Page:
Consumers reward companies for transparency.
A social budget is a document published voluntarily by a company to communicate its results – not only financial, but also ethical and social.
The European Union defines social responsibility as “a concept whereby companies integrate social and environmental concerns in their business operations and in their interaction with their stakeholders, on a voluntary basis”.
In the Official Gazette no. 63 of 16 March 2006, the Directive of the Minister for Public Administration stated in the social account of public administrations that “the social budget is the result of a process whereby the administration reports on the choices, activities, results and use of resources in a given period, in order to allow citizens and other parties to be aware of them and to allow them to form a judgement on how the administration interprets and carries out its institutional mission and mandate”.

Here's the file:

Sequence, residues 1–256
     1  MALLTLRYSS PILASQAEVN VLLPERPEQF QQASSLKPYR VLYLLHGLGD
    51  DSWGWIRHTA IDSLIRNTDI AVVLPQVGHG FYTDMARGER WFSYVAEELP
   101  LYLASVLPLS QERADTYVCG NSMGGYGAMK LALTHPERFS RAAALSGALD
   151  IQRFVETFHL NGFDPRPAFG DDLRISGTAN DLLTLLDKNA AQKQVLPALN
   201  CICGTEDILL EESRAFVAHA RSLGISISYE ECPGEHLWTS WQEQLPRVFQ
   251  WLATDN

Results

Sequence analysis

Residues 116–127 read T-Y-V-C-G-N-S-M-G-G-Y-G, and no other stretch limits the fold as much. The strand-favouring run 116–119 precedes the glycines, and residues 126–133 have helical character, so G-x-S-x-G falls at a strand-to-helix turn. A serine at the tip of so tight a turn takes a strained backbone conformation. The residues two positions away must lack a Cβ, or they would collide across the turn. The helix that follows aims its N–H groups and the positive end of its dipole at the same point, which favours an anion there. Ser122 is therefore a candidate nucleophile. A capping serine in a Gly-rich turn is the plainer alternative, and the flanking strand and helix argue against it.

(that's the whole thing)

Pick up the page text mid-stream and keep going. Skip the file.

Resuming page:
The social budget is widely demanded by the market, not only in the public sector, but also in the private sector.
For a company that aims to cultivate its social role, the social budget is rapidly becoming indispensible, both as an instrument of transparency and as a marketing lever, as consumers increasingly demand to know about the rules governing a company. This transparency is directly linked to the approval that the market bestows upon companies that demonstrate their belief in informed, ethical choices.
A social budget must describe the company’s activities with regard to its mission and inspiring principles, its social commitments and contributions, coherence between its stated aims and its achievements, its future objectives, and how all of the above affects its stakeholders and investors. In short, it paints a detailed picture of the company, a map of its character, and creates an open channel of communication with the consumers.